My wife and I purchased our copies, and one for our daughter, a few minutes after midnight on Saturday, at a Barnes and Noble a few minutes from our house (our son and his girlfriend bought their copies around the same time, in the city). When we left the store, kids with their copies were sitting in front, eagerly reading. I should have taken a picture.
I finished the novel around 5 this morning. My family had finished about a day earlier (hey, I had to leave a little time for watching television - but I also like to read at a leisurely pace).
There were so many things I loved about the novel. I'll go over some of them here. But consider this review a work in progress - I'll be back with more.
The interactions among the magical species were better than in the any of the previous novels: The banking, swordmaking goblins, in particular, were fleshed out, and played a crucial role in this story. So did house elves, and the giants and centaurs put in good appearances, too. Harry, Hermione, and Ron even got a chance to fly on another dragon.
All the beloved elements of the series got a great workout: Whether you like Patronuses or Nearly-Headless Nick or the magic of wizardry painting (enabling the people in portraits to talk to viewers, move to other frames in their vicinity, or even migrate to other portraits of themselves, wherever they may be - as a media theorist, I especially enjoy that) - they're all here.
It was good to see radio in the picture: Harry, Hermione, and Ron spend an amount of time on the run, cut off from knowledge of what is happening to their friends and enemies. As I was reading a heart-warming, riveting section in which Ron is able to tune in a pirate radio station - Potterwatch - I realized that only someone from Britain could write this so effectively. When that country teetered on the edge of falling to the Nazis at the beginning of World War II, it was Winston Churchill's voice on the radio that kept it going. Harry Potter is in many ways a uniquely British contribution to the world - at once British and universal. Much like the Beatles, it reflects the special genius on the other side of the Atlantic for entertaining and educating the world.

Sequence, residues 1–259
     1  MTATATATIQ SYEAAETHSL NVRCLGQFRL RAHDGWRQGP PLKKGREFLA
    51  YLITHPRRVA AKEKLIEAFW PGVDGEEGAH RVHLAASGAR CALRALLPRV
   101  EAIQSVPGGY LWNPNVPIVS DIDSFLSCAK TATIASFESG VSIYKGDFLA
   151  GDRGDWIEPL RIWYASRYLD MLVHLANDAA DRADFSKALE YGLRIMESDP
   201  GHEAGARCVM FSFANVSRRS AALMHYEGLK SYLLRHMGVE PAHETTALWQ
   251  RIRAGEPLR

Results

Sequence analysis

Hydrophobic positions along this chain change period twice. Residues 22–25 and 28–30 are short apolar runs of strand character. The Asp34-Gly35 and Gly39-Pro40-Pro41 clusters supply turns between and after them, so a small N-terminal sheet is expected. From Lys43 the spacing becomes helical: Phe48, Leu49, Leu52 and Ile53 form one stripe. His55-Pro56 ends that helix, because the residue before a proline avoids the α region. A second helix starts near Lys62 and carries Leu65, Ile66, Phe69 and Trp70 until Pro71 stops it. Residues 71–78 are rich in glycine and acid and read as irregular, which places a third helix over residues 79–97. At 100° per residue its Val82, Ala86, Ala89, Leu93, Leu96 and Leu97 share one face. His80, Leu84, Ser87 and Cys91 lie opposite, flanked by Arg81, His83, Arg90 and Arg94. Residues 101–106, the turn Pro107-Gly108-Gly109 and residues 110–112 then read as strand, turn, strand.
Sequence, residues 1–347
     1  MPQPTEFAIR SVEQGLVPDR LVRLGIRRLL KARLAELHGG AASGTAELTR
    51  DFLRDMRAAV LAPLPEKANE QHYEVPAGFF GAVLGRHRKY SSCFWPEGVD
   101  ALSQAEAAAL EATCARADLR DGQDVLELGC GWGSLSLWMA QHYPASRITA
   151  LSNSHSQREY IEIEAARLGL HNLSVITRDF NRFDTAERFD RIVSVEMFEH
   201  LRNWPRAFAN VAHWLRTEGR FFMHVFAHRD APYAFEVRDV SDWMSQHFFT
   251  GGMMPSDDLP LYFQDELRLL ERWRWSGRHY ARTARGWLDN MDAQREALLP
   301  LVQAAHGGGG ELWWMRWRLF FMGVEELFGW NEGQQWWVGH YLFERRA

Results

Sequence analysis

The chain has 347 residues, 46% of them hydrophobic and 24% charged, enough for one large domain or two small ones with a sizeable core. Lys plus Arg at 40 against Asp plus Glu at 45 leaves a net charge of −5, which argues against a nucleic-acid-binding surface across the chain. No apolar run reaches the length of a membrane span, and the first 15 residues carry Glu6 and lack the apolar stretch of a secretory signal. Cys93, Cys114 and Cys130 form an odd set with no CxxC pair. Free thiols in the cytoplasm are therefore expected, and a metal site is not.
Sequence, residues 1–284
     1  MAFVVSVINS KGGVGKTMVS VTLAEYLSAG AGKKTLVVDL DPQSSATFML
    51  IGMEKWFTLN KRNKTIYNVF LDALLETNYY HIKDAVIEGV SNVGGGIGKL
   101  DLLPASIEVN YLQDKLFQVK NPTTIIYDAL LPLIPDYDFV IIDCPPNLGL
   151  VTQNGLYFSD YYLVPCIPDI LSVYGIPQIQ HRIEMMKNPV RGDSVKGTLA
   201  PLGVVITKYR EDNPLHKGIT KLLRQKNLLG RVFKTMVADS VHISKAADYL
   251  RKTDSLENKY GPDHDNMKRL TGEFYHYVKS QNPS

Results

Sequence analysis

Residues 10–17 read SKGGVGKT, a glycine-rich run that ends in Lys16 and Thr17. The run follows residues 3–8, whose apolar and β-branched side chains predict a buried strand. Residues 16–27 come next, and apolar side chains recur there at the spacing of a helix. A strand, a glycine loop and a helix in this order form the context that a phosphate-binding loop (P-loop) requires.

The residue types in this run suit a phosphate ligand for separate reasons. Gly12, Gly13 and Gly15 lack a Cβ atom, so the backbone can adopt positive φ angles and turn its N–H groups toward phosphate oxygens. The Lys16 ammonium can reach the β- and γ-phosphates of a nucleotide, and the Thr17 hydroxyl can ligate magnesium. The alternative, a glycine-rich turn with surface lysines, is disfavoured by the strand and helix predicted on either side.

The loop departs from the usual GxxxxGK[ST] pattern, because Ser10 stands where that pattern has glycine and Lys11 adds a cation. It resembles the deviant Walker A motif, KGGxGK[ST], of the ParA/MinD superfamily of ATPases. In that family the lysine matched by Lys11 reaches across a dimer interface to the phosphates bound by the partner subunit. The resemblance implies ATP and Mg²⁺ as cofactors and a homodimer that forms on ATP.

Lots of good details that explain oddities in our world: For example, why you sometimes walk or drive down a street, and notice the numbering on the houses has missed a beat - as if a number was accidentally skipped or left out. (This was probably in earlier novels, too, but it was good to get that little insight again. One of the best things about science fiction and fantasy is their offering exotic but logical explanations for everyday oddities.)
My favorite line: Molly Weasley, dueling with Bellatrix: "NOT MY DAUGHTER, YOU BITCH!" Yeah, all caps, and deservedly so.
Life and deaths: With a few exceptions, all warranted, and deeply satisfying.
Quibbles? Inevitable - no story, even the one J. K. Rowling has given us, can be perfect for every reader. But they're so few - indeed, just three, really - that I can put them here in one little paragraph: (i) Several good people died at the end, who didn't need to, or whose deaths were too off-scene and therefore didn't seem motivated. (ii) I don't get why Harry, Hermione, and Ron refrain from using killing curses on the villains, and confine themselves to stuns, etc. (iii) There was an unnecessary Epilogue.
But these are small reservations to an extraordinary ending to an extraordinary series.
And I'll be back here with more in the days, months, and years to come...
Enjoy a 15-minute (free) podcast: Harry Potter and the Deathly Hallows: The View from New York
See also about Harry Potter:
Harry Potter and Obama
The New York Times Spoils Harry Potter - A Little, But Still Too Much
The Elite Attack on Harry Potter
Harry Potter and the 3-D Phoenix movie review
Harry Potter and Spoilers: An Occasion for Basking
Harry Potter and the Refutation of Illiteracy